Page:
1. says:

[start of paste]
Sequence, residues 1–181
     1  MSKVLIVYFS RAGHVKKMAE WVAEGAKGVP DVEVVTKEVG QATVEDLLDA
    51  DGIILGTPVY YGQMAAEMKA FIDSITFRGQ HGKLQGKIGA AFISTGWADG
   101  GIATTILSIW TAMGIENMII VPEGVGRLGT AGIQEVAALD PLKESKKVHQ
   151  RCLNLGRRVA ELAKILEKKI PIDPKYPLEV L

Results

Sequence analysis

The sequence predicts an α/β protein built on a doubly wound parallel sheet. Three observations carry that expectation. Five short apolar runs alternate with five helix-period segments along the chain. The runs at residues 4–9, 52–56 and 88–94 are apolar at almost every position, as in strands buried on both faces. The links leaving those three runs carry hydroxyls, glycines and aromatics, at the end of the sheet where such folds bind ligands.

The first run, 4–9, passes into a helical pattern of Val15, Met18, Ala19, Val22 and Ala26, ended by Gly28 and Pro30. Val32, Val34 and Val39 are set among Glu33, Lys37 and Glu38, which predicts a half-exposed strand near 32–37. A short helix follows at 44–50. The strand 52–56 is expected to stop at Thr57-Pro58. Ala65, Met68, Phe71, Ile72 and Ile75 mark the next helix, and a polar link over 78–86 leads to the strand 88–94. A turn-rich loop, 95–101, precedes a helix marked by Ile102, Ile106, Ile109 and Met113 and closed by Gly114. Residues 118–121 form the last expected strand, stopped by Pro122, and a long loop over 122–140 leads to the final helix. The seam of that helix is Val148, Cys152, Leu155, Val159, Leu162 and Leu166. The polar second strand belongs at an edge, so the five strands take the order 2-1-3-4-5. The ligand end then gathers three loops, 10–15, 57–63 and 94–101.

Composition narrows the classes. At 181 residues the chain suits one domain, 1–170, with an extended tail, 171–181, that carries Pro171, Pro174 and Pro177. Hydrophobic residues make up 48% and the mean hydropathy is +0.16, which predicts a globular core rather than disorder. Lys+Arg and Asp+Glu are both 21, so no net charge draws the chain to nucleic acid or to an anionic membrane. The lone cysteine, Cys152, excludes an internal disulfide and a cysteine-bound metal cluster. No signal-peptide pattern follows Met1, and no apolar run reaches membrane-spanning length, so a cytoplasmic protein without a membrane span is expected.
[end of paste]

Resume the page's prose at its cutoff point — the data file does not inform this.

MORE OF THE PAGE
I uite enjoyed this bad novel perhaps because of than despite its faults It's various terriblnesses give it a kind of dopy charm a sense of innocent old fashionednessThe Spy Paramount is a relic of a innocent pre war age when the full horror of what modern civilised people might be capable of was still unimaginable By the end it had almost won me over with its misplaced confidence in the future its naive assumption of the basic sanity and decency of humankind'The most reckless military fanatic who ever breathed Herr Behrling would never dare to sacrifice the whole youth of his country in an uneual struggle to gain God knows what'Before the British Library revived it in its attractive Spy Classics line this 1935 spy yarn had been unavailable in a mass market edition since 1941 I'm surprised it lasted that long Hindsight has made The Spy Paramount ridiculous Even in 1935 basic knowledge of current events must have made it a bit silly By 1941 British readers must have howled with laughter And yet I've just read some reviews published in Australian newspapers in 1935 at the excellent trovenlagovau web site All that I looked at were enthusiastic and only one showed the slightest indication that its notion of international politics was absurd 'It occurs to the reader that prevention of the Italo Abyssinian war would have been child's play to this daring and tactful adventurer' said RLH in the Perth Daily NewsThe novel's German politics come from a parallel world without Hitler where a power struggle between various factions is still under way in Germany And yet in amongst all these fictitious power strugglers one real man Hindenburg is unaccountably name checked from time to time Contemporary readers may also have scratched their heads at the coy avoidance of the name of the Italian spy chief's boss ie Mussolini when this was fairly common knowledge Perhaps Oppenheim was concerned that in a volatile world his novel could be made obsolete in a flash if Hitler or Mussolini were deposed Who knew these guys would still be around years after the novel fell out of print?I was never much convinced by the hero's spy activities Like James Bond who is said to have been influenced by this novel his job involves romancing princesses wearing tuxedos drinking cocktails and riding in yachts His one broadly 'real' piece of spy action when he breaks into a top secret military facility is too underwritten to seem plausible or excitingThe prose style clunked never reaching Dan Brown levels of badness of course but still surprisingly poor for a writer who'd been successful for decades Too many adjectives Too many reiterations of unnecessary character descriptions Scenes that might make the heart race are defused and distanced from the reader by circumlocution and the piling on of breathless clauses There's too much 'telling' virtually no attempt at immersion Here's an example possibly the worst sentence in the bookIn a life full of surprises Martin Fawley was inclined to doubt whether he ever received a greater one than when for the second time during the same day he was ushered into the presence of General Berati the most dreaded man in RomeThe hero was being taken to see the general so it's hard to see how being ushered into his presence could be any kind of surprise Also he works for the general so even if the surprise came when he was told in the previous chapter that he was being taken to see him again how could this possibly be unexpected? And why tell us he's the most dreaded man in Rome we only saw him a few pages ago we remember him This sentence is so wrong it's weird bordering on parody of bad Boy's Own adventure fictionPerhaps the very weirdest thing in the novel is the minor character of Patoni established from the start as a creepy looking pop eyed freak who suddenly shows up again after a long absence to declare that the hero's girlfriend is his cousin and his ex and therefore he must kill the hero And then he's never seen again Such pains are taken to establish him as the crazy villain who'll fight the hero to the death in the last scene that his failure to reappear on cue feels like a hole in the story Saved for the seuel perhaps